The Week Britain's Brexit 'Earthquake' Shook The World

A roller coaster -- or a train wreck?

02/07/2016 2:04 PM AEST | Updated 02/07/2016 2:04 PM AEST
It's been an unprecedented week in British politics since voters chose to leave the European Union.

Since the U.K. referendum to leave the European Union last week, the roller-coaster ride of British politics hasn’t let up for a minute.

Every day since the June 23 vote has brought more drama. The U.K. prime minister stepped down, and his possible replacements are jostling for position. The leader of the Labour Party, the main opposition, is fending off a rebellion from within his own ranks. British and EU officials are facing off over how to handle Britain’s exit -- the first country to leave the 28-member economic bloc.

This bumpy ride has sent financial markets into turmoil. In the aftermath of the Brexit vote, trillions of dollars were wiped from global markets, and the British pound plummeted to historic lows.

Here’s a look back at an unprecedented week in the U.K.

Britain’s Shock Vote For Brexit

Toby Melville / Reuters
Polls suggested that 'leave' and 'remain' supporters were neck and neck in the lead up to last Thursday's vote.

After months of ferocious debate that divided the country, British voters went to the polls on June 23 to vote whether the United Kingdom should stay in the European Union or exit after 43 years of membership.

The campaigns on both sides had grown increasingly vitriolic. "Leave" campaigners touted British sovereignty and lack of immigration controls as a reason to ditch the union, while the "remain" campaign warned of dire economic and political consequences of Brexit.

But the complex policy debates descended into personal attacks, and the "leave" campaign’s focus on immigration energized a radical, racist fringe on the British right. On the darkest day of the campaign, British lawmaker Jo Cox, a vocal advocate of immigration and the EU, was killed by a man authorities said had mental health problems and ties to extreme nationalist groups.

Polls remained tight, right up until the last minute, but many showed the "remain" camp would edge out the "leave" campaign, leaving the U.K.’s relationship with the EU more or less unchanged. This, of course, did not happen.

As results rolled in, "leave" voters took an early lead and never gave it up. The final result was 52 percent to 48 percent in favor of “leave.” Many in the U.K. woke up to learn their country had just decided to exit the EU.

While Brexit advocates uncorked sparkling wine (no champagne, s’il vous plait) and declared Britain’s Independence Day, there was an outpouring of grief and disbelief among pro-EU voters. “I’m massively reeling. Shocked,” Londoner Hannah Lucas told The Wall Street Journal. “This is the worst day of my life,” said Welsh voter Hywyn Pritchard. 

Brexit Brings Chaos

Russell Boyce / Reuters
The shock victory for Brexit roiled global markets and sent the British pound plummeting.

The fallout of the Brexit vote was immediate, and it was immense.

Within hours of the result, Prime Minister David Cameron announced that he would step down as leader. Cameron had called the vote to mollify a political challenge from the anti-EU right of his own party, and urged the country to vote "remain." He had pledged to stay in office whatever the outcome, but in the end, his losing gamble caught up with him. “I don't think it would be right for me to try to be the captain that steers our country to its next destination,” Cameron said in an emotional resignation speech.

The uncertainty roiled global markets. As "leave" votes poured in, the British pound plummeted to its lowest point in 31 years and markets braced for serious downturn. Shocked investors who expected a victory for "remain" engaged in a frenetic selloff that wiped some $3 trillion off the markets. The former president of the European Central Bank, Jean-Claude Trichet, called the vote "an earthquake."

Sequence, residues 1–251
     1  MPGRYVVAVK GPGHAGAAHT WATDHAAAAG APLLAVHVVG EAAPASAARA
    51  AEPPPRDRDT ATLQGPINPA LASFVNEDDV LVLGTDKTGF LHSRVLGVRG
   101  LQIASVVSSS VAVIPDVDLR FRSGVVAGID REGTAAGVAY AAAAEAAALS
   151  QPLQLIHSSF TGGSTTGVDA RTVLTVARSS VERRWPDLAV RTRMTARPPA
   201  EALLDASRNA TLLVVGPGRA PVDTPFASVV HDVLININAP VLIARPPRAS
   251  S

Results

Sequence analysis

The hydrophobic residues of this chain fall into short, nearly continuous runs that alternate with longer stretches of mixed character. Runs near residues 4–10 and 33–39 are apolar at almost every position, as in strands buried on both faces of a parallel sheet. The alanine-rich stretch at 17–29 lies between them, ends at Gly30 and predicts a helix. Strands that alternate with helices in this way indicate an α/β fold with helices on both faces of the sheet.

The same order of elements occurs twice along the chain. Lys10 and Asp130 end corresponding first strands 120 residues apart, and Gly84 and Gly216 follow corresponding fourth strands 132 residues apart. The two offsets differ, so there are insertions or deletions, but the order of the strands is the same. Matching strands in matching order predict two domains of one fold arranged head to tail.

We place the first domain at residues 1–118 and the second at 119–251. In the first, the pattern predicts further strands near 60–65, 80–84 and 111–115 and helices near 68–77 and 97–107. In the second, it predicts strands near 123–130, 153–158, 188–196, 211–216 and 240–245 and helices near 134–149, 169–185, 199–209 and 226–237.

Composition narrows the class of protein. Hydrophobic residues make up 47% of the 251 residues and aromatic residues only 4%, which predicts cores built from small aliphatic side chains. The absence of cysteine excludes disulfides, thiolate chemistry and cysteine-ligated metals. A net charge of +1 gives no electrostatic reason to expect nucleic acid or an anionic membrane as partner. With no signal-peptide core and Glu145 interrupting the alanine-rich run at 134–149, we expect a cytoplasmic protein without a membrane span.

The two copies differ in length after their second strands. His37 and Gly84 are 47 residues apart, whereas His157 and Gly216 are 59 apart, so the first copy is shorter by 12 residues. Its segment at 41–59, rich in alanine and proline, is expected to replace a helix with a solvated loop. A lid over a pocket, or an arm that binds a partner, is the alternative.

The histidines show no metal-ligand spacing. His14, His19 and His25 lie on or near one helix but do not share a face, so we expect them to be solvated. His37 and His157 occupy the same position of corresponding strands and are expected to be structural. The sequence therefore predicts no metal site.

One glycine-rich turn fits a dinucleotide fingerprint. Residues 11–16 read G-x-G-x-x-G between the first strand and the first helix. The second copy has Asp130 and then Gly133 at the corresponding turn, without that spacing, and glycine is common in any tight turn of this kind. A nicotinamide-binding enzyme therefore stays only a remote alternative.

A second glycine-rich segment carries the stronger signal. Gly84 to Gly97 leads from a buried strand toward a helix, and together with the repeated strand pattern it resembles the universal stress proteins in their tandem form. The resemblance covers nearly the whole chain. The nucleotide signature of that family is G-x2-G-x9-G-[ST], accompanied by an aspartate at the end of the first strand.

The political ramifications reverberated around the world. Stunned world leaders who had urged Britain to stay in the EU voiced their regret, while emphasizing their respect for voters’ decision. EU leaders expressed grief and shock, and efforts to keep the remaining EU members together gained fresh urgency.

Meanwhile, the result was met with delight by the increasingly prominent far-right movements scattered across the EU. "Victory for freedom!” tweeted France’s National Front leader Marine Le Pen.  "Time for a Dutch referendum," urged The Netherlands’ Party for Freedom leader Geert Wilders.

The result also was celebrated by the U.S. Republican presumptive presidential nominee Donald Trump, who was visiting Scotland at the time. “I think it’s a great thing that happened," Trump told reporters. “People are angry, all over the world. People, they’re angry.”

Carlo Allegri / Reuters
Donald Trump thinks Brexit is a great idea.

The Hangover: Regrexit

Almost immediately, some of the promises of the "leave" campaign began to fizzle.

One of the main campaign platforms was a promise to fund the country’s health care system using money that would have otherwise been allocated for E.U. membership dues. (They claimed it amounted to £350 million (about $464 million) weekly, but that figure has been highly contested.) The pro-Brexit camp felt so strongly about the pledge that they drove around the country with a bus that advertised it.

Matt Cardy via Getty Images
A 'leave' campaign bus emblazoned with a slogan that later proved tricky to uphold. 

But mere hours after the results, U.K. Independence Party leader Nigel Farage denied ever making such a promise. Several other Brexit advocates similarly backtracked, including prime ministerial hopeful Michael Gove, who now puts the figure at £100 million ($132 million) per week.

Brexit champions are also struggling to explain to voters how they will implement a key pillar of the leave campaign -- restricting immigration. EU officials insist that Britain must continue to allow EU citizens to live and work in the country in exchange for reciprocal rights for British citizens and access to the European single market. Gove and his main rival for the leadership, Theresa May, say they can reduce immigration and keep the EU happy by allowing entry only to Europeans who already have jobs into the country, but skepticism abounds and Farage warned Conservatives against “backsliding” on immigration controls.

Some supporters of the referendum said they feel duped. According to one recent poll, 7 percent of those who chose to leave regret it already -- a small minority, but significantly higher than the 3 percent of "remain" supporters who regret their vote.